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Status Quo - Vinyl Singles Collection 72–79/ Vinyl Collection 81–96 album review

Rocking through glory years and leaner times

Cover art for Status Quo - Vinyl Singles Collection 72–79/ Vinyl Collection 81–96 album

Basking in the timeless joy generated by Status Quo’s prime-time 70s singles, the irreplaceable void left in the landscape by Rick Parfitt’s departure to boogie heaven last Christmas becomes crystal clear.

Even if he had lived, the undeniable impediment of ill health may have caused Parfitt to miss out on celebrating Quo’s 50th anniversary at Rossi’s side this year. But The Vinyl Singles Collection (910), a stirring corrective to the recent Aquostic albums’ relatively sedate remakes, recalls perfectly the magic of the band’s blue denim heyday in his absence. This is Quo in their effortless, casually exalted pomp. From the immaculate summerof-’72 stormer Paper Plane, through whorehouse celebrant Whatever You Want and Parfitt’s rhythmically fired, reflective gems Rain and Living On An Island, the singles box, complete with picture sleeves and choice B-sides, is a delight.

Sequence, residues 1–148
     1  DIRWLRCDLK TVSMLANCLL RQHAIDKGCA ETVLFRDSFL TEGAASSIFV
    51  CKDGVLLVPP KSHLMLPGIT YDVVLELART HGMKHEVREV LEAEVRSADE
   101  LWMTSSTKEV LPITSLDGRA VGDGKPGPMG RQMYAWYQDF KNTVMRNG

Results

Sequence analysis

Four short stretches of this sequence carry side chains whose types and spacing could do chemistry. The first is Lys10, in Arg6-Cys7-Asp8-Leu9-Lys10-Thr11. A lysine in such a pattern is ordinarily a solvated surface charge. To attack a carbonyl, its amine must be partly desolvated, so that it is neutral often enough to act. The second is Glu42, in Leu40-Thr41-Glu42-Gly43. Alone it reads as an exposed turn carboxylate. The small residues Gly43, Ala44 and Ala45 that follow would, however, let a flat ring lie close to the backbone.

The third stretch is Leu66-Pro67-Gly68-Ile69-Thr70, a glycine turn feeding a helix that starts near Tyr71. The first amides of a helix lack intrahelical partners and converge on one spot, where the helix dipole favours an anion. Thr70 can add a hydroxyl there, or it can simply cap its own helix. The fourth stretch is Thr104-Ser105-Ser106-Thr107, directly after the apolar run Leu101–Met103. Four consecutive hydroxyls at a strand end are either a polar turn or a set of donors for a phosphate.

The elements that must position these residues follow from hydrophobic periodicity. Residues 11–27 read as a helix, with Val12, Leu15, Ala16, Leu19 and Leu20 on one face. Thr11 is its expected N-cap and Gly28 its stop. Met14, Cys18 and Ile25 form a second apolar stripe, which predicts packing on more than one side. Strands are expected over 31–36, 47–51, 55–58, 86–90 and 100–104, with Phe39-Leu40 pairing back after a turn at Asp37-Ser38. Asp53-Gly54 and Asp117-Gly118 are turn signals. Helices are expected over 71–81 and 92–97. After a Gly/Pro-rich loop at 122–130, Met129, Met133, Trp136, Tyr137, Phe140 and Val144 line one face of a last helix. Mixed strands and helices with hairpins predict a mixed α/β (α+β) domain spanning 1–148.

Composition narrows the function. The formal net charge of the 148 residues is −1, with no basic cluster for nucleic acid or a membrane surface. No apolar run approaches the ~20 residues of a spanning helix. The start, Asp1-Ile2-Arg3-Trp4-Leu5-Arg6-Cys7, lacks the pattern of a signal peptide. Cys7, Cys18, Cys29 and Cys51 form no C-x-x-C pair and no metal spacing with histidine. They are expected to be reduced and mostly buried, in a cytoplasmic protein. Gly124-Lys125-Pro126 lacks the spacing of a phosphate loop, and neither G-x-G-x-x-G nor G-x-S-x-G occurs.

But to survive, the band had to endure some lean years too, slogging through periods of drugged-out disaffection, their artistry subjugated to the need to simply keep on keepin’ on.

In the 10-disc Vinyl Collection (610), 1982 bears all the hallmarks of a water-treading contract filler, its torpor alleviated only temporarily by Parfitt and Andy Bown’s affirming, if under-performing, opener She Don’t Fool Me. Similarly, in the wake of Britpop, Quo retreated into their safety zone with 1996’s Don’t Stop (never previously released on vinyl), a set of undemanding covers festooned with guests stars (the Beach Boys, Brian May, Maddy Prior).

Among such snooze-control efforts as Ain’t Complaining – 1988’s disparate record, dated by its 80s studio sound, where Rossi admits he lost interest – it’s the judiciously plotted In The Army Now, seizing the day in the wake of their Live Aid revival, that stands out. Covers such as its title track and Ian Hunter’s Speechless are salutary reminders of Status Quo’s interpretive powers and imagination. Parfitt’s Overdose, a towering, mighty track that shows his ability to process diverse influences into the inimitable Quo drive, is a resonant and downbeat closer. Indeed in the wake of his passing it makes for a formidable swansong.